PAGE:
Lang Aftermarket iReport: Low ‘scrappage’ impacts Aftermarket

“New car and light truck annual sales reached record heights between 2015 and 2018. Typically, this would generate a sharp rise in vehicle scrappage (vehicles removed from operation) across the U.S. However, despite robust annual sales of new vehicles, light vehicle scrappage plunged to a 10-year low between 2015 and 2018.

“Low scrappage in the face of rising new vehicle sales reflects the longer life of today’s vehicles plus the willingness of Americans to keep driving older vehicles. This has implications for a wide range of aftermarket issues.”

— Jim Lang, publisher, Lang Aftermarket iReport

Low Vehicle Scrappage

New car and light truck sales recorded a wild ride over the past 10 years, plunging nearly 40% between 2008 and 2010 before slowly climbing back to 16.8 million during 2014.

Over the next four years, annual new vehicle sales averaged more than 17 million, a record-high level. This rollercoaster ride was accompanied by a strong market share of foreign nameplate new cars and light trucks.

Higher Scrappage Expected

Many analysts expected a sharp spike in vehicle scrappage between 2015 and 2018 resulting from strong new vehicle sales.

However, the opposite occurred, as the average annual vehicle scrappage rate over this four-year span was one-fifth lower than 10 years earlier.

Longer Vehicle Life

Cars and light trucks on U.S. roads are lasting much longer than they did just a few years ago. Vehicles are currently being scrapped at an average age several years older than during the 1990s.

If this trend continues (and indications are that it will, based on improved manufacturing quality and more durable materials) scrappage could remain low for the foreseeable future.

Higher New Vehicle Prices

The rapidly escalating price of new vehicles (up nearly 30% over the last 10 years) is causing many consumers to keep vehicles longer and is also boosting the price of used vehicles, which tends to reduce the scrappage of older vehicles.

Low Scrappage Impact

Low light vehicle scrappage in the U.S. will have a number of important consequences for the aftermarket, including (but not limited to) the number of vehicles in operation (VIO), average vehicle age, vehicle age mix, foreign and domestic nameplates on the road, as well as aftermarket inventory requirements and parts proliferation.

VIO Growth

Moderate scrappage rates coupled with strong new vehicle sales will fuel the growth of vehicles in operation (VIO) across the U.S., reversing the trend of flat (and sometimes lower) annual VIO levels between 2008 and 2013.

Changing Vehicle Average Age & Age Mix

Longer vehicle life will increase the number of cars and light trucks in operation and expand the population of older vehicles on U.S. roads. Both of these developments will help boost the average age of vehicles.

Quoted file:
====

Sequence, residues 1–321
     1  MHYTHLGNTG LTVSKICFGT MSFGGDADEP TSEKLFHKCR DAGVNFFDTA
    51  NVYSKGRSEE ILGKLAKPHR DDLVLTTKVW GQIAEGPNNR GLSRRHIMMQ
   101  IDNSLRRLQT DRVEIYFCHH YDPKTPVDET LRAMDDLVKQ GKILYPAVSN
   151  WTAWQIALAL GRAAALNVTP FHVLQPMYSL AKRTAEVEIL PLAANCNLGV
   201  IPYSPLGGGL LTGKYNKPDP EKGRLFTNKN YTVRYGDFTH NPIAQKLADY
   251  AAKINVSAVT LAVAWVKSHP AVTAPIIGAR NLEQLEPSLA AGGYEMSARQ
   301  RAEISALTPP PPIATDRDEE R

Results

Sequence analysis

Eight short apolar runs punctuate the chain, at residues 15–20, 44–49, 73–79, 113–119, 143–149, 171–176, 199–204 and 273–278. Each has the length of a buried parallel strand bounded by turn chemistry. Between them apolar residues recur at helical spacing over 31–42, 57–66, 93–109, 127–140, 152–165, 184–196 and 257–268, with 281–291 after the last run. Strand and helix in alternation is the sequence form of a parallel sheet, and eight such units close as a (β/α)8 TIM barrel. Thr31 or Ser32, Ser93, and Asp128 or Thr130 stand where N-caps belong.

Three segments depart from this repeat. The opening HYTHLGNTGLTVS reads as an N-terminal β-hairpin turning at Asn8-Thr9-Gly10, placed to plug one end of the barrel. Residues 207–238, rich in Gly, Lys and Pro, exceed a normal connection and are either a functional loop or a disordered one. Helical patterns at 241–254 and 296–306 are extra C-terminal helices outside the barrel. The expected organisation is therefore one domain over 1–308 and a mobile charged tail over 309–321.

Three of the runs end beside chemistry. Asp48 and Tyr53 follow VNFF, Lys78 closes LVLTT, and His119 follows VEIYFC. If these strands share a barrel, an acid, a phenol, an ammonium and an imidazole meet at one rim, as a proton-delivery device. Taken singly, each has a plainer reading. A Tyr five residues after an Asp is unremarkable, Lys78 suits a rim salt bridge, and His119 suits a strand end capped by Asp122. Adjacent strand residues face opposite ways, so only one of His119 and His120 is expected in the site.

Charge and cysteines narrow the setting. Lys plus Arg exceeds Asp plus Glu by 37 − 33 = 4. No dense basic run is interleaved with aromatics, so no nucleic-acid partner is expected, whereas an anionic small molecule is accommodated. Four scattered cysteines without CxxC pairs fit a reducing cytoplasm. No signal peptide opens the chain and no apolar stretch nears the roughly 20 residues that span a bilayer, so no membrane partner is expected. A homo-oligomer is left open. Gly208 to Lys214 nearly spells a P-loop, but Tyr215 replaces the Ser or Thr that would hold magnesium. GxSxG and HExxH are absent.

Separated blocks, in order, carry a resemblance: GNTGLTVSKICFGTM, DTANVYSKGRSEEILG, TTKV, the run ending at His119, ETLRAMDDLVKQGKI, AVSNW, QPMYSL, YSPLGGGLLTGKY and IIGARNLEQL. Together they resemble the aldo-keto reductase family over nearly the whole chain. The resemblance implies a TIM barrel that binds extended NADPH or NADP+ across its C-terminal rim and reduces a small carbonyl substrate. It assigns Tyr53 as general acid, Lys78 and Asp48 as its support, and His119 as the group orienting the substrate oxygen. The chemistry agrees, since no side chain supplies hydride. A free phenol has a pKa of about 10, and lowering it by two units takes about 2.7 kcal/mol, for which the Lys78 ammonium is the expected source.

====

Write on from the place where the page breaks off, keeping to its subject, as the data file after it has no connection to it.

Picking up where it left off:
Foreign and Domestic Nameplate Mix

The survival of older vehicles (the majority of which are domestic nameplates) will slow the share grow of foreign nameplates on U.S. roads.

Growing Inventory Demands & Parts Proliferation

An increase in the number of vehicles in operation, particularly among older vehicle age groups, will increase the need for aftermarket distribution channels to carry vehicle parts for a greater number of years than historically has been necessary.

This will exacerbate the problems of parts proliferation and inventory management in the car and light truck aftermarket.

Six Major Takeaways

  • Despite a sharp increase in new car and light truck annual sales in the U.S. during 2015 through 2018, light vehicle scrappage rates over this four-year span fell to a 10-year low.
  • Vehicles are lasting much longer today than they did just a few years ago, with scrappage occurring at an increasingly higher vehicle average age.
  • Low scrappage coupled with strong vehicle sales have fueled the growth of vehicles in operation (VIO) across the U.S.
  • The higher average age of cars and light trucks on U.S. roads and the population growth of vehicles will be two of the most significant consequences of vehicles lasting longer.
  • The increased survival of older vehicles (a majority of which are domestic nameplates) will slow the VIO share growth of foreign nameplates in the U.S.
  • As vehicles remain in operation longer, the aftermarket inventories carried by Distributors, Retailers, and Manufacturers must include components for an expanding vehicle age range, increasing problems of parts proliferation and inventory management.

Copyright 2019 by Lang Marketing Resources, Inc.

NOTESpecial thanks to publisher Jim Lang for granting us permission to publish the Lang Aftermarket iReport.